A 2019 research study (revised 2020) called “Day Trading for a Living?” observed 19,646 Brazilian futures contract traders who started day trading from 2013 to 2015, and recorded two years of their trading activity. The study authors found that 97% of traders with more than 300 days actively trading lost money, and only 1.1% earned more than the Brazilian minimum wage ($16 USD per day). They hypothesized that the greater returns shown in previous studies did not differentiate between frequent day traders and those who traded rarely, and that more frequent trading activity decreases the chance of profitability.

These studies show the wide variance of the available data on day trading profitability. One thing that seems clear from the research is that most day traders lose money .

Millionaire Media 66 W Flagler St. Ste. 900 Miami, FL 33130 United States (888) 878-3621 This is for information purposes only as Millionaire Media LLC nor Timothy Sykes is registered as a securities broker-dealer or an investment adviser. No information herein is intended as securities brokerage, investment, tax, accounting or legal advice, as an offer or solicitation of an offer to sell or buy, or as an endorsement, recommendation or sponsorship of any company, security or fund. Millionaire Media LLC and Timothy Sykes cannot and does not assess, verify or guarantee the adequacy, accuracy or completeness of any information, the suitability or profitability of any particular investment, or the potential value of any investment or informational source. The reader bears responsibility for his/her own investment research and decisions, should seek the advice of a qualified securities professional before making any investment, and investigate and fully understand any and all risks before investing. Millionaire Media LLC and Timothy Sykes in no way warrants the solvency, financial condition, or investment advisability of any of the securities mentioned in communications or websites. In addition, Millionaire Media LLC and Timothy Sykes accepts no liability whatsoever for any direct or consequential loss arising from any use of this information. This information is not intended to be used as the sole basis of any investment decision, nor should it be construed as advice designed to meet the investment needs of any particular investor. Past performance is not necessarily indicative of future returns.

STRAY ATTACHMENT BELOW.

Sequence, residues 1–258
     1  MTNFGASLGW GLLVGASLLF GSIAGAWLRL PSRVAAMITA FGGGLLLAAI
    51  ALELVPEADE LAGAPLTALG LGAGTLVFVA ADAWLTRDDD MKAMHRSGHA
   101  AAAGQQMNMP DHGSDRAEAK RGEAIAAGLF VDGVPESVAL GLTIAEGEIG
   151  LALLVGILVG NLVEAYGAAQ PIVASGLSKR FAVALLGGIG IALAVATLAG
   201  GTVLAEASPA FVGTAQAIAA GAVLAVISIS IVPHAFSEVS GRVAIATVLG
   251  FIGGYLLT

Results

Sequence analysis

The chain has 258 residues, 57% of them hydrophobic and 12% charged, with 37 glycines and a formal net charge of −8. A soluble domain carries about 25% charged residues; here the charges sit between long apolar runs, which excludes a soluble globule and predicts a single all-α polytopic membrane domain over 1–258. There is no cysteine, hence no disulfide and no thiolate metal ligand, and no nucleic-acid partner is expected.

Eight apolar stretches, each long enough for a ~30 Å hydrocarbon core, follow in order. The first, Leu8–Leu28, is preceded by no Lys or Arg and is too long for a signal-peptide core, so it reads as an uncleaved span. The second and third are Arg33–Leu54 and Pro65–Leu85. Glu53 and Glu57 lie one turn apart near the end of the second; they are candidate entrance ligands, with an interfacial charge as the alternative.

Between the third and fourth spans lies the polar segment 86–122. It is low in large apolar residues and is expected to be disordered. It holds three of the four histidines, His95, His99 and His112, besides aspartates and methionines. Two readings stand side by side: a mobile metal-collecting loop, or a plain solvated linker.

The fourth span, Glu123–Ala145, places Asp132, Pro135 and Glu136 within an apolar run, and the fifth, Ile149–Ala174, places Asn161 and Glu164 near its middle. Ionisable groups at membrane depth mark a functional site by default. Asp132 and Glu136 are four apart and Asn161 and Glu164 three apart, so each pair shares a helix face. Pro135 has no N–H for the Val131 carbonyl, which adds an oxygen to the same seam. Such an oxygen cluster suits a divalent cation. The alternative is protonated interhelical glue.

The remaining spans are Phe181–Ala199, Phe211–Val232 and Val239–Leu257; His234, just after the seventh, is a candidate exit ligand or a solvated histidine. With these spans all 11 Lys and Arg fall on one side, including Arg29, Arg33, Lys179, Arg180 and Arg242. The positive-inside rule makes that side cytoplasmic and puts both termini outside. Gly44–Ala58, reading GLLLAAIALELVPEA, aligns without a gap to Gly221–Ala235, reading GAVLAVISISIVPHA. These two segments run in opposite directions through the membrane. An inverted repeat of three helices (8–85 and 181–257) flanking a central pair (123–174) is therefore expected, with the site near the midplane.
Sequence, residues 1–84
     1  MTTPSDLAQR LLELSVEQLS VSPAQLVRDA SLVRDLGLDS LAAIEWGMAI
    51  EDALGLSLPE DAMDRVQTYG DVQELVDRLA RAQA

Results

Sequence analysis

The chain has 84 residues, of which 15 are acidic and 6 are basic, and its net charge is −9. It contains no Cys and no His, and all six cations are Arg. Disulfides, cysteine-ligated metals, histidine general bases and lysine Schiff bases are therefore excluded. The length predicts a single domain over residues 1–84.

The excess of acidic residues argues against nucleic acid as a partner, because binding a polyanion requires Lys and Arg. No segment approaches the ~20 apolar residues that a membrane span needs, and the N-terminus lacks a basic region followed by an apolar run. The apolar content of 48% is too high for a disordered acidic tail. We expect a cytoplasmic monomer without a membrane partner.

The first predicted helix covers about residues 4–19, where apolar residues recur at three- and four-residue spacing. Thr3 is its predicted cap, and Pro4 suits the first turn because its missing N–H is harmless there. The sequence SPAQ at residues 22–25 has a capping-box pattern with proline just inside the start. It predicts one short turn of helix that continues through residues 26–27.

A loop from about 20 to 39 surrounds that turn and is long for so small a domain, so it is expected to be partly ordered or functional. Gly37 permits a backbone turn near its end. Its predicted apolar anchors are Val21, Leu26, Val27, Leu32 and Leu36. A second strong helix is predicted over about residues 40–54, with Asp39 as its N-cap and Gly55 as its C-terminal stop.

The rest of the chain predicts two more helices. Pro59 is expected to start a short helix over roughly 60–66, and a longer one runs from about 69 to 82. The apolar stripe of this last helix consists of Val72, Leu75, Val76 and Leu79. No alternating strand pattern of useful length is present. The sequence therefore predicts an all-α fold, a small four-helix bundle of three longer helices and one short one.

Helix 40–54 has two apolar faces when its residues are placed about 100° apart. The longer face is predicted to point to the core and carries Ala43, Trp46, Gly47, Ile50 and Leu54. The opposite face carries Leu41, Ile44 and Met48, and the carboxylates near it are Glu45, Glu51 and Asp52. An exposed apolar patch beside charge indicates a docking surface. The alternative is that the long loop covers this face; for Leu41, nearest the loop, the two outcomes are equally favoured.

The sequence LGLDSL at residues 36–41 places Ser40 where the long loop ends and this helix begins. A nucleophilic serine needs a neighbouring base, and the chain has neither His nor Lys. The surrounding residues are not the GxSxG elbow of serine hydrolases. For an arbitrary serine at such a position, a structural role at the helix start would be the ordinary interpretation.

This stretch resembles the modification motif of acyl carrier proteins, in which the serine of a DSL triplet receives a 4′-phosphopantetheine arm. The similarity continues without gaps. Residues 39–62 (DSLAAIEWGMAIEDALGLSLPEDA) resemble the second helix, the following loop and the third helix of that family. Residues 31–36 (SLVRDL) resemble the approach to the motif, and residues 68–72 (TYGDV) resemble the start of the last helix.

Citations for Disclaimer

Barber, Brad M. and Odean, Terrance, Trading is Hazardous to Your Wealth: The Common Stock Investment Performance of Individual Investors. Available at SSRN: “Day Trading for a Living?”

Barber, Brad M. and Lee, Yi-Tsung and Liu, Yu-Jane and Odean, Terrance and Zhang, Ke, Learning Fast or Slow? (May 28, 2019). Forthcoming: Review of Asset Pricing Studies, Available at SSRN: “https://ssrn.com/abstract=2535636”

Chague, Fernando and De-Losso, Rodrigo and Giovannetti, Bruno, Day Trading for a Living? (June 11, 2020). Available at SSRN: “https://ssrn.com/abstract=3423101”